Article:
Well, as a business leader, you’re no different to any other human being on the planet. You’re also driven by beliefs, thoughts, and emotions. The results you are getting in life are greatly determined by how well you manage those three things.
Of those three things (beliefs, thoughts, and emotions)… It’s really the beliefs that make the biggest impact. It’s undoubtedly your beliefs which determine how far you go in life…
Because your beliefs guide what you ‘think’ about the world and other people around you. And your thoughts lead to either or emotional reactions or considered responses.
Beliefs -> Thoughts -> Emotions
For example, if you believe that “it’s a desire necessity to be loved or approved by every significant person in your community” – that is, you believe it’s crucial to feel loved by people – then when you don’t get the love or approval from these significant others in your life, you’ll suffer emotionally.
In that moment, your thoughts might be “they don’t care about me” or “I’m not good enough” or “other people are more important than me.”
This emotional pain would then lead you to act impulsively – like getting angry with your team for not delivering on their tasks…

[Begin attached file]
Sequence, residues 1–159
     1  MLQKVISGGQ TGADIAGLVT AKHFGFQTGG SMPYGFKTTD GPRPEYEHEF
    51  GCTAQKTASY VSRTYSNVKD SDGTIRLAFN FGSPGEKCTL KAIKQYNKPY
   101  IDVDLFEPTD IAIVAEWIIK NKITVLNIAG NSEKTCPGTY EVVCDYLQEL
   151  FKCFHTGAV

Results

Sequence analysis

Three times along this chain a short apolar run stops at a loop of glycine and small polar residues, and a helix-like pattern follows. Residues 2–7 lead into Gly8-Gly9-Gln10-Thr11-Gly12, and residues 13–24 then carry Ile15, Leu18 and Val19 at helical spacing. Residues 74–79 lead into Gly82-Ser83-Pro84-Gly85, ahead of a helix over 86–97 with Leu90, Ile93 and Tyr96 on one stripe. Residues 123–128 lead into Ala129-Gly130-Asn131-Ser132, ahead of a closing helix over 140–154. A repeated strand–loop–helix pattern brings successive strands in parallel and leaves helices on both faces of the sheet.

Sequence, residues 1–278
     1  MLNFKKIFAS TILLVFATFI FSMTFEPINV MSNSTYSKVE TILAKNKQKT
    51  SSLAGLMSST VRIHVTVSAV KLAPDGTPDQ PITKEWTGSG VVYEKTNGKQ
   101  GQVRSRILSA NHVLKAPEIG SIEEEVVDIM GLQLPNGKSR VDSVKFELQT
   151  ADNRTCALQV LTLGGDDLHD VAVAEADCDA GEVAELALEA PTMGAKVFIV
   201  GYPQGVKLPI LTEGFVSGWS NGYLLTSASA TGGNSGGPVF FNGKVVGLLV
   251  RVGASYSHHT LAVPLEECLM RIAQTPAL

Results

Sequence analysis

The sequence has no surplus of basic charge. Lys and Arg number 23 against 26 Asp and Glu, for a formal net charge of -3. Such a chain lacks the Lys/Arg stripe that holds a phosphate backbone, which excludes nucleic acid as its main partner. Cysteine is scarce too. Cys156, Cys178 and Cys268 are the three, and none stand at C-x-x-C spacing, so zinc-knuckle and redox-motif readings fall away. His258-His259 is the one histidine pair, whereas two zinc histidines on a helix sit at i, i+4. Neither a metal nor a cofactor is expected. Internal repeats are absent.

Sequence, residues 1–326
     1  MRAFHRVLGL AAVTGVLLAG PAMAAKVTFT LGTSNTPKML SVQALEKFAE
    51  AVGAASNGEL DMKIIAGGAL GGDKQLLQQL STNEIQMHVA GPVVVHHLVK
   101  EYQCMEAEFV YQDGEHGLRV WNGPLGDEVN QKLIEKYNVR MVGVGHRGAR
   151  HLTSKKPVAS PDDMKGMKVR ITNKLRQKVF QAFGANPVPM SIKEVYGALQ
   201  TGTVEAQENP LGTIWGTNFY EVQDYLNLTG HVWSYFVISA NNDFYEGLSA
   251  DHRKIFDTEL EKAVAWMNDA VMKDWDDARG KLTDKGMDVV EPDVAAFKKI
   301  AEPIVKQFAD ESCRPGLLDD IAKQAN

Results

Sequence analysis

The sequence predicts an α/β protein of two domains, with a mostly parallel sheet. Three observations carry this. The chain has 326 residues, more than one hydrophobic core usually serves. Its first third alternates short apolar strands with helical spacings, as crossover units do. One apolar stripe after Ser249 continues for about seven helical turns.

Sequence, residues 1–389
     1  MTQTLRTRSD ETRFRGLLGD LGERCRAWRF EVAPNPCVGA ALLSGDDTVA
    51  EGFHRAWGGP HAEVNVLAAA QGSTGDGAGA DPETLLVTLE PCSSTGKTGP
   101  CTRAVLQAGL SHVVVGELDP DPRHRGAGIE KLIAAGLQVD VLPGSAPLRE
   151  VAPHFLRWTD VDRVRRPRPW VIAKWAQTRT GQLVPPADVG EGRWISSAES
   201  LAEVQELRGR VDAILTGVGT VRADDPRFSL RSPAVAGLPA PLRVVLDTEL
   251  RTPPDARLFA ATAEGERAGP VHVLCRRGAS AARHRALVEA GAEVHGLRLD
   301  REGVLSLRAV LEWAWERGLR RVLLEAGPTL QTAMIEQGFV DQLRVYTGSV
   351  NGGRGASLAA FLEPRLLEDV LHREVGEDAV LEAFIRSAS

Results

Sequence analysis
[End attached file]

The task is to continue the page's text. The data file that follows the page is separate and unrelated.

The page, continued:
The belief that “it’s crucial to feel loved by everyone” is known as an irrational belief.
It is an irrational belief, because it forces you to make certain demands of the world around you – and if these demands aren’t met, you’ll suffer emotionally.
It’s not the world around you that makes you angry, sad or anxious… it’s your beliefs about what other people should be doing for you.
Improve your beliefs and improve your influence
So the healthier your beliefs… the healthier your thoughts will be… and the better and healthier your ability to manage your emotions will be.
Put bluntly, you’ll be acting more rationally and less irrationally, like a mature leader who can regulate themselves.
And when you’re a mature leader who is working from a place of rationality, you’ll be better able to influence people around you, whether that’s other business leaders, or people on your own team.
3 Irrational Beliefs of Albert Ellis ( for Business Leaders )